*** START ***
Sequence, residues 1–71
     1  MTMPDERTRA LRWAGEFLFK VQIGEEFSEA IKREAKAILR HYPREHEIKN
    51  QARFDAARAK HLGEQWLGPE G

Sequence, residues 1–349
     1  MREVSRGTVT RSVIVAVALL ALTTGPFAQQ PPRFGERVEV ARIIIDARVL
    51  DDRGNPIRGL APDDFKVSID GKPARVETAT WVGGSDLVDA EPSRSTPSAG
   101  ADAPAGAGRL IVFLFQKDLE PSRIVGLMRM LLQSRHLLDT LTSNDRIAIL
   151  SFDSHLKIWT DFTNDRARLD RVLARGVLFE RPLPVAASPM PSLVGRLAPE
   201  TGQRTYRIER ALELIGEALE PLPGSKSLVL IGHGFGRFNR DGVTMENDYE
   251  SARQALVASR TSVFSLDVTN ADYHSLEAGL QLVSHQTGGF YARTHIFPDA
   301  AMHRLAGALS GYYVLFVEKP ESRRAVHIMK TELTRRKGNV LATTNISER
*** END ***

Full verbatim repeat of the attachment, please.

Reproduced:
Sequence, residues 1–71
     1  MTMPDERTRA LRWAGEFLFK VQIGEEFSEA IKREAKAILR HYPREHEIKN
    51  QARFDAARAK HLGEQWLGPE G

Sequence, residues 1–349
     1  MREVSRGTVT RSVIVAVALL ALTTGPFAQQ PPRFGERVEV ARIIIDARVL
    51  DDRGNPIRGL APDDFKVSID GKPARVETAT WVGGSDLVDA EPSRSTPSAG
   101  ADAPAGAGRL IVFLFQKDLE PSRIVGLMRM LLQSRHLLDT LTSNDRIAIL
   151  SFDSHLKIWT DFTNDRARLD RVLARGVLFE RPLPVAASPM PSLVGRLAPE
   201  TGQRTYRIER ALELIGEALE PLPGSKSLVL IGHGFGRFNR DGVTMENDYE
   251  SARQALVASR TSVFSLDVTN ADYHSLEAGL QLVSHQTGGF YARTHIFPDA
   301  AMHRLAGALS GYYVLFVEKP ESRRAVHIMK TELTRRKGNV LATTNISER